Mentoring partnership to get young people on the path to success
Mayor of the West Midlands Andy Street and two key national youth mentoring organisations have announced a trailblazing partnership to help young people get ahead.
The West Midlands Combined Authority (WMCA) is to work with One Million Mentors (1MM) and The Careers & Enterprise Company to deliver his flagship Mayor’s Mentors programme, which aims to match 1,000 mentors with 1,000 young people aged 11 to 25.
1MM is part of UpRising, a UK-wide youth leadership development organisation working to open up opportunities for young people from diverse and under-represented backgrounds.
It is working to build a national online platform to recruit, train and deploy one million mentors over the next decade to organisations working with young people.
It provides online resources and training events to help professionals prepare to become mentors.
The Careers & Enterprise Company is the national network connecting schools, colleges, employers and career programme providers to create high-impact careers opportunities for young people.
It is leading a national campaign which aims to have 25,000 pre-GCSE students, at risk of disengaging from education, in high-quality employer-led mentoring.
The Mayor said:
“One thing I have learned in my career is the value of having a mentor – it’s helped me take important decisions in work and life and it’s that lesson that is at the heart of the Mayor’s Mentors initiative.
“These mentors will be people who are successful in their careers and who can give a hand up for young people just starting out, in work or those setting up on their own.
“Lots of members of the business community have been saying to me that they want to play their part in tackling youth unemployment, give something back and assist in the ongoing success of the region.
“While there are many positive economic indicators in the West Midlands, improving opportunities for young people is vital. This is why I made eradicating youth unemployment in the West Midlands a clear priority.”
Rushanara Ali, Labour MP for Bethnal Green and Bow, is co-founder of UpRising and founding chair of 1MM.
“1MM is delighted to be working with the Mayor and the Mayor’s Mentors scheme. It is an exciting partnership testing the role that technology can play in providing support and training to the mentor.
“Thanks to the Mayor the West Midlands is pioneering this innovative approach to connect professionals with young people at a scale never seen before in the UK.
“1MM’s ambition is to recruit, train and deploy a million mentors to a million young people over the next decade. Our work in the West Midlands marks the start of this exciting journey.’”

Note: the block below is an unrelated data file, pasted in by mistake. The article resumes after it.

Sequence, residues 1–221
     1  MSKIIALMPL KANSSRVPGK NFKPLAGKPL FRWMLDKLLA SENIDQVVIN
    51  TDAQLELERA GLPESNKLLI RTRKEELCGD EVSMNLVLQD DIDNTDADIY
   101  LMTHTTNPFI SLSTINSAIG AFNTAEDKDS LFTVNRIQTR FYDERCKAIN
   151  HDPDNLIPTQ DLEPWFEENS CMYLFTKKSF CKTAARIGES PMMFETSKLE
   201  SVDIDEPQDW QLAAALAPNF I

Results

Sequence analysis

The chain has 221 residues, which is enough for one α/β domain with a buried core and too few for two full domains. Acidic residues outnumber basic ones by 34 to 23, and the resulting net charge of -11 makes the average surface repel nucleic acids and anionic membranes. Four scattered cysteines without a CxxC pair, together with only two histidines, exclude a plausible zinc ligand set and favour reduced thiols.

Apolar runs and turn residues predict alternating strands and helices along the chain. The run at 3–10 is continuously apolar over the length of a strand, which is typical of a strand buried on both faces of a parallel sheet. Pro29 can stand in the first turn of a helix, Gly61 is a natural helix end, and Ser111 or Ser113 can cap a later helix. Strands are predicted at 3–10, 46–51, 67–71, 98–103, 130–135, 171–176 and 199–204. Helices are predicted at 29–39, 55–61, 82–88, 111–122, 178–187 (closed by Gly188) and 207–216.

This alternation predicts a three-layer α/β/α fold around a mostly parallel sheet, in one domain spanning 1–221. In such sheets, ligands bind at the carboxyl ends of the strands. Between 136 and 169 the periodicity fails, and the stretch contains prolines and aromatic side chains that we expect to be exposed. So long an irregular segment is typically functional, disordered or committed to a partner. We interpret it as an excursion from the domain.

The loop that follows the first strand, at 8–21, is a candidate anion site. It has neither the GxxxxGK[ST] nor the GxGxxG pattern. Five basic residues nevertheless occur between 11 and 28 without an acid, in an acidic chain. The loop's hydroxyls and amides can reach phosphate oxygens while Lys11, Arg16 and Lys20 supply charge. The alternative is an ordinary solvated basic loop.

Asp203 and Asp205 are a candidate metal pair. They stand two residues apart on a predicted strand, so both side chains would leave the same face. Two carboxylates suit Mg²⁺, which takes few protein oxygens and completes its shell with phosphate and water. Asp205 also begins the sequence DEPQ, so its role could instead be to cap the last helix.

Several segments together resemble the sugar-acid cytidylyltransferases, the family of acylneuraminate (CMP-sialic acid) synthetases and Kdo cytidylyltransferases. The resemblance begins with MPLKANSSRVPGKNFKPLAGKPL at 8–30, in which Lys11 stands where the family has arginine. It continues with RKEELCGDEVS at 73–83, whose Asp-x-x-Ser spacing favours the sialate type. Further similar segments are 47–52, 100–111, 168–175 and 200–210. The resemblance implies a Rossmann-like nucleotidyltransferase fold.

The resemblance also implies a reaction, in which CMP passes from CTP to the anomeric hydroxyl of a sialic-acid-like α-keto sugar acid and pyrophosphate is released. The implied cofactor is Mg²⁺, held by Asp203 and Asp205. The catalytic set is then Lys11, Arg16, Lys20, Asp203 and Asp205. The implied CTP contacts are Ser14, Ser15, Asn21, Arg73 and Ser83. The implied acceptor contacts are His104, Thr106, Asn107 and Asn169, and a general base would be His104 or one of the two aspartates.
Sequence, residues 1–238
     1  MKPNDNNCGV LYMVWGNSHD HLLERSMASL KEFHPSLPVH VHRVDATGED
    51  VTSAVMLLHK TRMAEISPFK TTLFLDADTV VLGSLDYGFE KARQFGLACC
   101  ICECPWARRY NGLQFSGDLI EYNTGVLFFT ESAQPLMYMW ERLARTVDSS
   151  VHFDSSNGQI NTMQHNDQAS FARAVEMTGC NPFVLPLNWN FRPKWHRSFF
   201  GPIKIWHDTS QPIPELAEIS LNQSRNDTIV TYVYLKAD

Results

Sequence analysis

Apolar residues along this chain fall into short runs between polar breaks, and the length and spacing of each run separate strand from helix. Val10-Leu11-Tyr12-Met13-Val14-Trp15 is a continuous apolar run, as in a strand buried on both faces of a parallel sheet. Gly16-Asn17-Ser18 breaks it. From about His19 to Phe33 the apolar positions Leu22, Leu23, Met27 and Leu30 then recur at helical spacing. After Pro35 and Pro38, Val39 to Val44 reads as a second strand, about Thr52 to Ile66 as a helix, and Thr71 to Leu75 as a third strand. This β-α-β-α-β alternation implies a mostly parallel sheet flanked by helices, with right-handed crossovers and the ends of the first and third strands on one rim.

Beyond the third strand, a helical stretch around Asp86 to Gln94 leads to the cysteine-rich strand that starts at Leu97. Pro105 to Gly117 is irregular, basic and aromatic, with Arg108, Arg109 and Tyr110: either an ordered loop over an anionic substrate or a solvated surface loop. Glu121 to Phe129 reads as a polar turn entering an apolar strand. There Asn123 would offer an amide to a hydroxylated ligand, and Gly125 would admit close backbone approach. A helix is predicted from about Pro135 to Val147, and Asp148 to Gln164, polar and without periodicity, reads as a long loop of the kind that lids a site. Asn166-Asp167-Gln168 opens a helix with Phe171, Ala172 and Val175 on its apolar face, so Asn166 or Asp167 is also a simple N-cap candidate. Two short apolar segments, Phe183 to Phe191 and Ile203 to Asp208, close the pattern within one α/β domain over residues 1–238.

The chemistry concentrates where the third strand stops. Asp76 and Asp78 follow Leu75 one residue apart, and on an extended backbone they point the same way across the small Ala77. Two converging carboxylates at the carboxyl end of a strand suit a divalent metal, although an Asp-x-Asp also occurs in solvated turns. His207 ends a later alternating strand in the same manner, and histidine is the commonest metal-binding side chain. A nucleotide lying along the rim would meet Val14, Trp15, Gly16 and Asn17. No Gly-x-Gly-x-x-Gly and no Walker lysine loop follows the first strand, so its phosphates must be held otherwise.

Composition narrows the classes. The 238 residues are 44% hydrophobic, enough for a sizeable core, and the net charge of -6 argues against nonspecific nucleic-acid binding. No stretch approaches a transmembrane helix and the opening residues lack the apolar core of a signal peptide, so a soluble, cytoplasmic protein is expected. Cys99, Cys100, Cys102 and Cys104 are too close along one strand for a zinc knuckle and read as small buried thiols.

Claudia Harris, chief executive officer of the Careers and Enterprise Company, said:
“Our organisation is involved in helping young people make successful transitions into the world of work. Matching a young person with a mentor can help with this.
“Research shows that mentoring is most effective when the young person can relate to the mentor.
“However, today mentors often come from a narrow range of professions and backgrounds. Our Unexpected Mentor campaign aims to break mentoring stereotypes and inspire a new generation of mentors from all walks of life and backgrounds.
“Our Unexpected Mentor campaign builds on our mentoring fund which has already invested nearly £500,000 in proven mentoring organisations in the West Midlands region such as the Diana Award and Envision.
“We are delighted to have launched this campaign with Andy Street and to be collaborating with Mayor’s Mentors across the West Midlands. We want to ensure even more young people can benefit from the power of this human connection.”
The collaboration was announced on National Mentoring Day, Friday October 27, at Delta Financial Systems in Birmingham, which won Microsoft Apprentice Employer of the Year in 2012 and 2016 for its work in supporting young people in the workplace.
The launch heard from Avneet Sanghera, a 27-year-old project manager from Great Barr, Birmingham, who already acts as a mentor, and Tukeer Hussain, a 19-year-old businessman from Moseley, Birmingham, who was mentored.
Both described how they felt they had benefitted from mentoring.
The Mayor’s Mentors was launched immediately after Mr Street was elected in May this year.
It has signed up 1,000 people to become mentors but the scheme aims to recruit 4,000 in its second year and 10,000 in its third.
Mr Street has taken a mentee – Imani Clough, aged 24, from Moseley, Birmingham, who is studying at Birmingham University.
To become a mentor people must be either a professional or retired professional and have to complete a mandatory profile and training package. To apply go to http://westmidlands.onemillionmentors.org.uk